If you are seriously looking to start your own business, you will need money-a lot of it. Your most important expense categories are Market Research, Overhead, Equipment, and Inventory, in that order.
Market research is the process of learning about your target group. You may well know plenty about your target group, as in the case of a licensed cosmetologist opening a cosmeceutical boutique. We all have (perceptions and biases, and market research will keep yours from interfering with your business’ success, and your cash flow.
“Overhead” is the cost of doing business. Examples of overhead are renting/buying your workspace, storage area, monthly expenses such as electricity and phone service, salaries of employees, any permits or inspection fees, uniforms and marketing expenses. Some business plans include equipment costs in their overhead expenses.
Equipment is your tools of the trade; what you will use to produce your service or product. Ovens and mixers, laser machines, candle and soap molds and supplies, and printing and engraving machines are examples. If you will be operating a retail storefront, display cases and racks would be your operating equipment.
Inventory is your stock on hand, your supply of whatever you’re selling, or your ingredients to create your product or service, such as tattoo removal supplies.
You will need to decide how much cash you need and how to obtain that cash. This is critical, because as many as 80% of new businesses fail within the first two years, and 50% within 5 years, because of insufficient cash.
Financing for your customers? This is often a great way to introduce more cash into your business. There are many people who would be your customers if they had the money to purchase from you. This is where consumer financing comes into play.
In addition to the above expenses, there are other aspects that also need to be included in your business plan. Determine how long it will take your business to become profitable, then double it . If your predictions turn out to be accurate, then you can save the extra for rainy days. There will be unexpected expenses, so invest the excess in a Money Market account where it may grow until you need it.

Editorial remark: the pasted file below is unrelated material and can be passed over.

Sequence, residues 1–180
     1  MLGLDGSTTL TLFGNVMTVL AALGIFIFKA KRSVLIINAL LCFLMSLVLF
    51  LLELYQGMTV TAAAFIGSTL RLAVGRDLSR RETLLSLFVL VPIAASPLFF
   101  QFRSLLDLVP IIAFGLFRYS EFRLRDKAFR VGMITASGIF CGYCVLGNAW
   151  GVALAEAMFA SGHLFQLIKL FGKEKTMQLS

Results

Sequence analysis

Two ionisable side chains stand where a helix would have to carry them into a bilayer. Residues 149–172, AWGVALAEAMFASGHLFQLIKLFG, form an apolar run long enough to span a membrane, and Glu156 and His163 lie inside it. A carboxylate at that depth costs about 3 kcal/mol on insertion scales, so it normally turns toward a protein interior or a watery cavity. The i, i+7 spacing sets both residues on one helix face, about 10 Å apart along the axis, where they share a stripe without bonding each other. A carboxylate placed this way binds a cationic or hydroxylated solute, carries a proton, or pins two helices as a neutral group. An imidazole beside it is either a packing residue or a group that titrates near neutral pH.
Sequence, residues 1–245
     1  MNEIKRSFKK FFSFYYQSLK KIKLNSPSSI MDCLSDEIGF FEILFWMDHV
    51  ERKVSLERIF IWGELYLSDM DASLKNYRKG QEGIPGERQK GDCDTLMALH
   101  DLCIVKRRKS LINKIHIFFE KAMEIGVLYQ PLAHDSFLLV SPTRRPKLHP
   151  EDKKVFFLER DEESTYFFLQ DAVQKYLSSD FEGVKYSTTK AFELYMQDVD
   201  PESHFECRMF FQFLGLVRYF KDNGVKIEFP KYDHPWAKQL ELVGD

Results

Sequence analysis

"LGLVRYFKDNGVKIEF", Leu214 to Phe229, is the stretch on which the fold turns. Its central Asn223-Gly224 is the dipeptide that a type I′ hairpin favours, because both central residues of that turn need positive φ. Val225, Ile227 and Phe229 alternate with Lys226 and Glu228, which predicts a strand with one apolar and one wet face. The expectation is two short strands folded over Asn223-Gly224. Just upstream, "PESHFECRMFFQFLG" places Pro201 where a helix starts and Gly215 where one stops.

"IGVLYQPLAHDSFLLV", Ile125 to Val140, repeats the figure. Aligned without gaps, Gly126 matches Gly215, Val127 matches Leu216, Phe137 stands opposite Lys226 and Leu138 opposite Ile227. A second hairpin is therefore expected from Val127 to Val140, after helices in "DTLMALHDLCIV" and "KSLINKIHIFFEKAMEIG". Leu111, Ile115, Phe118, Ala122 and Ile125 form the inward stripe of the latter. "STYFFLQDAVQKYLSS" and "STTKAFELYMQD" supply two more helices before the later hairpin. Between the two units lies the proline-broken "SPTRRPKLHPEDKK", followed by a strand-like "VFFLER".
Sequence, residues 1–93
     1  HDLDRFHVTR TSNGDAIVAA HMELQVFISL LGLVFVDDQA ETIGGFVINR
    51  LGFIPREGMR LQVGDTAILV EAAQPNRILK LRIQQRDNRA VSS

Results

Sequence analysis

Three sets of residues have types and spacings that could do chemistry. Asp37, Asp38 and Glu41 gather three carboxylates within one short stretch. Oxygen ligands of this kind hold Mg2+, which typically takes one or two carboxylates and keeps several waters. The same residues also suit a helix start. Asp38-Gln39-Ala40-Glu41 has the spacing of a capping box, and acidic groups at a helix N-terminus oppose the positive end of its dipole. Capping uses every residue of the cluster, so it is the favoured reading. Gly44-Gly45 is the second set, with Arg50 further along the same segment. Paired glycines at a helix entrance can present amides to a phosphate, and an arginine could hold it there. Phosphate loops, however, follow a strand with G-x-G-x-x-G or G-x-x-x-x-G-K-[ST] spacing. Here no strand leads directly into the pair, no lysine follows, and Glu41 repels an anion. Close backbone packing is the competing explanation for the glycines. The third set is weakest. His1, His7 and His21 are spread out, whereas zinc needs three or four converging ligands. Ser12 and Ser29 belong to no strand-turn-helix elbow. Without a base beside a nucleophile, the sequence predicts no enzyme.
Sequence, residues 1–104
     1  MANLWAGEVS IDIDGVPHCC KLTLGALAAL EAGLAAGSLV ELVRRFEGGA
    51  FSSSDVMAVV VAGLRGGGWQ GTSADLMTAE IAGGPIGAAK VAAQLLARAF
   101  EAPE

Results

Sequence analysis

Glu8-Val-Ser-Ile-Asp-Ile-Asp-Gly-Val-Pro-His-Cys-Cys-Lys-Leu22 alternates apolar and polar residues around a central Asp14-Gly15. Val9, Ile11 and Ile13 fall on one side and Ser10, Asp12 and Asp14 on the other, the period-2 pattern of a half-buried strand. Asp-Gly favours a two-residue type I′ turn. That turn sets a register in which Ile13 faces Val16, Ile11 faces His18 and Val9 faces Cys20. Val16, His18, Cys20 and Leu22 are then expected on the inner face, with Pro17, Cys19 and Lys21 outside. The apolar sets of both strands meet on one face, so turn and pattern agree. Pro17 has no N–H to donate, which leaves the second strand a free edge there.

It may be tempting to buy equipment at cut-rate prices, until it wears out after a year. Go ahead and borrow enough to purchase equipment, overhead, and supplies that will help you to grow and succeed.
Don’t expand your staff until it’s critical.
Once you know how much start-up cash you will need, chances are you will have to borrow it. If you have access to personal start-up money, be prepared to lose it-at least until your business become profitable.
There are the traditional options of borrowing from a bank, borrowing from family, and recruiting investors. The United States Small Business Administration has information on these methods, and the newer, less traditional methods of financing such as microloans, PayPal Working Capital, and cryptocurrency.
Microloans are typically for less than $35,000 and are short-term. In 2009, there were over 1,100 microfinance institutions serving more than 74 million borrowers.
PayPal Working Capital: PayPal will provide loans between $5,000 and $60,000. The approval process for PayPal Working Capital is based on your business plan and your PayPal account history, not your credit rating. PayPal Working Capital currently has more than 152 active accounts, and repayment is based on a fixed percentage of total monthly sales. This is especially beneficial during start-up or slow periods.
Cryptocurrency refers to Bitcoin, Litecoin, and all other digital currency. Digital Currencies have no transfer fees and a much faster transfer rate than cash. Since Bitcoins are steadily gaining acceptance, consider purchasing part of your business startup with Bitcoins or another cryptocurrency, which won’t be subject to the same official regulations as cash.